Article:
Summary: ON COLORINGS AVOIDING A RAINBOW CYCLE AND A FIXED
MONOCHROMATIC SUBGRAPH
MARIA AXENOVICH AND JIHYEOK CHOI
Abstract. Let H and G be two graphs on fixed number of vertices. An edge coloring of a complete graph is
called (H, G)good if there is no monochromatic copy of G and no rainbow (totally multicolored) copy of H in
this coloring. As shown by Jamison and West [14], an (H, G)good coloring of an arbitrarily large complete
graph exists unless either G is a star or H is a forest. The largest number of colors in an (H, G)good
coloring of Kn is denoted maxR(n, G, H). For graphs H which can not be vertexpartitioned into at most
two induced forests, maxR(n, G, H) has been determined asymptotically, [3]. Determining maxR(n; G, H)
is challenging for other graphs H, in particular for bipartite graphs or even for cycles. This manuscript
treats the case when H is a cycle. The value of maxR(n, G, Ck) is determined for all graphs G whose edges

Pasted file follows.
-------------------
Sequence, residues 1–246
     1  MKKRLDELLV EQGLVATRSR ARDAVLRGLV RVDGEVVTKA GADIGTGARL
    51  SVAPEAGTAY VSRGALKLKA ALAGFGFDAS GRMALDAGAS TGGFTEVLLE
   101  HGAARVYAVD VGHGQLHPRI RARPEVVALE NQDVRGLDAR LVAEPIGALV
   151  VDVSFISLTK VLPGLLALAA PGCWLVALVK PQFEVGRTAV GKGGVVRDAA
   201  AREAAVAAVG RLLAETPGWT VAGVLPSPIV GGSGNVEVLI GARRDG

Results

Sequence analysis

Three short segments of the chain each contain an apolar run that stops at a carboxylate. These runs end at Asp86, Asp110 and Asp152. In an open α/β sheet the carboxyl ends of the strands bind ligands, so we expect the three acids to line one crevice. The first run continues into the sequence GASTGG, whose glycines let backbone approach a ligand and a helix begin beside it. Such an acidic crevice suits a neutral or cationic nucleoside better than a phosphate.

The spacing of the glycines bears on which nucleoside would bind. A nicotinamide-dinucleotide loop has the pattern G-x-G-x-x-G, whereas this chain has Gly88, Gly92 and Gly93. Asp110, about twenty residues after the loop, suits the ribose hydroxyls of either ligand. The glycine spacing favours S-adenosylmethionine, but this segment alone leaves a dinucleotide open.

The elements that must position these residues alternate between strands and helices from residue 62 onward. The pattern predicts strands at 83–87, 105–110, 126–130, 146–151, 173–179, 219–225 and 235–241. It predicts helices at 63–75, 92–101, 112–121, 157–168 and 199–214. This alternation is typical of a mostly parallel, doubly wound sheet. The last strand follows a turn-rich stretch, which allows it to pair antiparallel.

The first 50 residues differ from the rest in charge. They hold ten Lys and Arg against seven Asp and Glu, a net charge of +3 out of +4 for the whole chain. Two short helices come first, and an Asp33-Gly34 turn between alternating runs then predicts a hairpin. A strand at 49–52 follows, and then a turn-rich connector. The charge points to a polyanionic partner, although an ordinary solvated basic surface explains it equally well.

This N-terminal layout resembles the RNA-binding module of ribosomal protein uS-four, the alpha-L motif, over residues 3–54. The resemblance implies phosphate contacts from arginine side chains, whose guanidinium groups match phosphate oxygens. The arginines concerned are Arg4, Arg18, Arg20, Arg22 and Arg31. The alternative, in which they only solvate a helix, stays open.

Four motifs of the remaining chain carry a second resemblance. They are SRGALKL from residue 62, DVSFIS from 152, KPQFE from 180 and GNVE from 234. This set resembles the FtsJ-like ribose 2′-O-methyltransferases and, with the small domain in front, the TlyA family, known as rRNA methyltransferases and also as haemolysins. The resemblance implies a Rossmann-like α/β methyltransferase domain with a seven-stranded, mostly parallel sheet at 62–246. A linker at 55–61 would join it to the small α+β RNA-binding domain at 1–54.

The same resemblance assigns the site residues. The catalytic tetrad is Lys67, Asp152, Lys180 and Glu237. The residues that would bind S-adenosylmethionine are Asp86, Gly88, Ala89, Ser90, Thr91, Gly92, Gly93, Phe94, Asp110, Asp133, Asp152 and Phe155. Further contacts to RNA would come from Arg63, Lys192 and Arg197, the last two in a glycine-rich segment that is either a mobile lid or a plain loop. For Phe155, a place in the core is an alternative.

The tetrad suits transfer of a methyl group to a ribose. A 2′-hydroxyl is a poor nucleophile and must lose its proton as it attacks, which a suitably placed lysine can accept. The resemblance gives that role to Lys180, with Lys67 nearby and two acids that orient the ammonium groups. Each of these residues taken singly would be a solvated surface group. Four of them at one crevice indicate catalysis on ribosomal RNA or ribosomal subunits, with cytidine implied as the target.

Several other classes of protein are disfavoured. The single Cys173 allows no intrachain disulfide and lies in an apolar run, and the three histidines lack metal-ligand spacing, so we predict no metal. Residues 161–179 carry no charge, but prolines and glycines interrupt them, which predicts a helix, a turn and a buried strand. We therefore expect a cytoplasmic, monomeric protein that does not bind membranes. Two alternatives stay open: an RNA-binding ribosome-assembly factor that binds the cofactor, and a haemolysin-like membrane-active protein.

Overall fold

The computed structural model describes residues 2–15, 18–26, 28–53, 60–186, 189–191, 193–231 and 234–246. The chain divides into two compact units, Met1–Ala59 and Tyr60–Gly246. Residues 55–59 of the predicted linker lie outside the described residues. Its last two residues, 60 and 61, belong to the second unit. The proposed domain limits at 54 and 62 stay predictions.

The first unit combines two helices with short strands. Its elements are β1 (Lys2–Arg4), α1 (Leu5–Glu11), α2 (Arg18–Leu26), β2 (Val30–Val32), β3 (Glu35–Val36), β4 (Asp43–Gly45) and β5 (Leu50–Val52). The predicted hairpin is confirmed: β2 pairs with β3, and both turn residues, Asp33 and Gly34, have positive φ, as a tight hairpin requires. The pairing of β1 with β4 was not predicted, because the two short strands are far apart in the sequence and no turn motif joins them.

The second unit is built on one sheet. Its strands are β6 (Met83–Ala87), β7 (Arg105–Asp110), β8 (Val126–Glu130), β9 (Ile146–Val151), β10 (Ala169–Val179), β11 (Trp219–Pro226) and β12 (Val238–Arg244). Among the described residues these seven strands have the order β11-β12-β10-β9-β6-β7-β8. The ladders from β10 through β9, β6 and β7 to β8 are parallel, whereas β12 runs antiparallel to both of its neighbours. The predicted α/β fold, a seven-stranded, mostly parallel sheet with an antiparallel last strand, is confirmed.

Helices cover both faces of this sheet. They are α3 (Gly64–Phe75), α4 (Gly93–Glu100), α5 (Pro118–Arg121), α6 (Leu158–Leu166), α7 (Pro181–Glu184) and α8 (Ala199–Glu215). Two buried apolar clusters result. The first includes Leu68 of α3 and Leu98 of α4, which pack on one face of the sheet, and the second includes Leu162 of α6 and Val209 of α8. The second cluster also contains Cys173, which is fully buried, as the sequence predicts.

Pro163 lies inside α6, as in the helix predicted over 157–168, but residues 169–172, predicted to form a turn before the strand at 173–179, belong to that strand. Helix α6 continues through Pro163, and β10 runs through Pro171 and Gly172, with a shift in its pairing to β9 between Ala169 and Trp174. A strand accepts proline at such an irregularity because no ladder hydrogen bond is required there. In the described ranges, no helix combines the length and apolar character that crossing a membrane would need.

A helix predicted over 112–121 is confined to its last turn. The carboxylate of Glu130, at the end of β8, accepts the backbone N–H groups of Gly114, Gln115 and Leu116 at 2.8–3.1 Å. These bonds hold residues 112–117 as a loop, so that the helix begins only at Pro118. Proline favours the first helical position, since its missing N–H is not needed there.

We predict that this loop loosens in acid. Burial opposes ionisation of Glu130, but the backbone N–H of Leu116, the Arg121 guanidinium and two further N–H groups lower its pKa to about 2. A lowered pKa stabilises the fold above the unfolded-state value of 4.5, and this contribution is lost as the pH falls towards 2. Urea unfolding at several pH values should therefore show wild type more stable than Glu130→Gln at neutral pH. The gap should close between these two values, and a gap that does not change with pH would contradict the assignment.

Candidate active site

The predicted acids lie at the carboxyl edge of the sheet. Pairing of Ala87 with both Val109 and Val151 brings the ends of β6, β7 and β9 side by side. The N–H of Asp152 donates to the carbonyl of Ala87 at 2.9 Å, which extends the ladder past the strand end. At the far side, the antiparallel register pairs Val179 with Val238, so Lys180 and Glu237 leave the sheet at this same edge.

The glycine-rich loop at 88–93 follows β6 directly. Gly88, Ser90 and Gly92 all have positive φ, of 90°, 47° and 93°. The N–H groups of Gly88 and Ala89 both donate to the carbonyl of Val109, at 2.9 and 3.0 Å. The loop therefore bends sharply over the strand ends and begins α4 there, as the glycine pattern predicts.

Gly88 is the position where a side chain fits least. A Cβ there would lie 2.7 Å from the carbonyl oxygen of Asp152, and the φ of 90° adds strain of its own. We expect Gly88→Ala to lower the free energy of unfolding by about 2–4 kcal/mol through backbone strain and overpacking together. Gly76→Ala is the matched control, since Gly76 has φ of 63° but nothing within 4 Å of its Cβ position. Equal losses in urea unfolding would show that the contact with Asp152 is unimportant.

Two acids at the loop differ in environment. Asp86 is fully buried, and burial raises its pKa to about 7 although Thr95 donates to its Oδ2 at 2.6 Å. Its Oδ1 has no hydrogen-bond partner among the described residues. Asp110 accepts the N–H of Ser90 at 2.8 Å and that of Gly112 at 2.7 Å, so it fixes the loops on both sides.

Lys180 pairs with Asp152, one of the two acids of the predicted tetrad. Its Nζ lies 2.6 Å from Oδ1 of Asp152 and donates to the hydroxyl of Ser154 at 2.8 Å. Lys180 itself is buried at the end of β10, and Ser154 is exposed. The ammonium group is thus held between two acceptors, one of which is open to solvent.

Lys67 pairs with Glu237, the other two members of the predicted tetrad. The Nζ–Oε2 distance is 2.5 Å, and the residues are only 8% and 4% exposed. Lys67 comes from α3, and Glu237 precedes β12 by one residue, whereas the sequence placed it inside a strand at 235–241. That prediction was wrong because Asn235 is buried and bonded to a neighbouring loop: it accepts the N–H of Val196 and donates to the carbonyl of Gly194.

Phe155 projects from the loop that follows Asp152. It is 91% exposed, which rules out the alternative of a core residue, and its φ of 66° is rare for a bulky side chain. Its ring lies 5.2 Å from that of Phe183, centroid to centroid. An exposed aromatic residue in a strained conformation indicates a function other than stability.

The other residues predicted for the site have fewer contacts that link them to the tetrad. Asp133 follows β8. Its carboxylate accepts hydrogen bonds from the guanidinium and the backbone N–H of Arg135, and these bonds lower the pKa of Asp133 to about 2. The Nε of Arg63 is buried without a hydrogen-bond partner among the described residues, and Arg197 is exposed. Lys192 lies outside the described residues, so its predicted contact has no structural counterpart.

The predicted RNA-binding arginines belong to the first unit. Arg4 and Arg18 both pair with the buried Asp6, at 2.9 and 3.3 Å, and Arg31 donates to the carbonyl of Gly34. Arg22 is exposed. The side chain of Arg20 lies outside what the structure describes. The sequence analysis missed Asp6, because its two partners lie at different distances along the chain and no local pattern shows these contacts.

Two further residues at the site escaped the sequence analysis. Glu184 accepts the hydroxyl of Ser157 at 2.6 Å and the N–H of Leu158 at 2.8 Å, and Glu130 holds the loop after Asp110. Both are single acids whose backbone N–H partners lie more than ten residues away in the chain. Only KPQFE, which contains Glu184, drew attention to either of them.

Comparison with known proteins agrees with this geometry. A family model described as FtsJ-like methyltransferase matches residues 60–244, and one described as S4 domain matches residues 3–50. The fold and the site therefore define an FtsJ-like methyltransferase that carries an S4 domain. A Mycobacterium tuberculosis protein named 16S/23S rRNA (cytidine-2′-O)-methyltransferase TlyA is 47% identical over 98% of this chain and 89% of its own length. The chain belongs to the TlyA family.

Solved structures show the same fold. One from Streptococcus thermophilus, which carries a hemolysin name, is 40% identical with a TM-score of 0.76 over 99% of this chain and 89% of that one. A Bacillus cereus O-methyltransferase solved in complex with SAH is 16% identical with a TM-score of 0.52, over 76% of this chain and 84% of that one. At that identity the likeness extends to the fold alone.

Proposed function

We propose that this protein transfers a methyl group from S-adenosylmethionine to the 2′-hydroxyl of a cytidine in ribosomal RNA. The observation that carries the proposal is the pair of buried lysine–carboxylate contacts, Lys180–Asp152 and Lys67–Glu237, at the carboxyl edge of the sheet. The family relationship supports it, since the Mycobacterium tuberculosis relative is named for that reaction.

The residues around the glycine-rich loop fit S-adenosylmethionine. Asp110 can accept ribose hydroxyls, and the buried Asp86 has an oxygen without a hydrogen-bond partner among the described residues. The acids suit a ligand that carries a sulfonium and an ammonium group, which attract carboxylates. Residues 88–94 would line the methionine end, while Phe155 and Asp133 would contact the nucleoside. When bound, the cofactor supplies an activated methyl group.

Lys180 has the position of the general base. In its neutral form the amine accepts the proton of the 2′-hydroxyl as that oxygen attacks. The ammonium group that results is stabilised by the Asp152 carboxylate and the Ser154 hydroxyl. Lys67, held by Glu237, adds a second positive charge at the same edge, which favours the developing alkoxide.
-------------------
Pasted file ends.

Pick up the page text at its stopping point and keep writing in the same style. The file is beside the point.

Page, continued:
do not induce a star.
1. Introduction and main results
For two graphs G and H, an edge coloring of a complete graph is called (H, G)good if there is no
monochromatic copy of G and no rainbow (totally multicolored) copy of H in this coloring. The mixed
antiRamsey numbers, maxR(n; G, H), minR(n; G, H) are the maximum, minimum number of colors in an
(H, G)good coloring of Kn, respectively. The number maxR(n; G, H) is closely related to the classical
antiRamsey number AR(n, H), the largest number of colors in an edgecoloring of Kn with no rainbow copy
of H introduced by Erdos, Simonovits and S´os [9]. The number minR(n; G, H) is closely related to the
classical multicolor Ramsey number Rk(G), the largest n such that there is a coloring of edges of Kn with k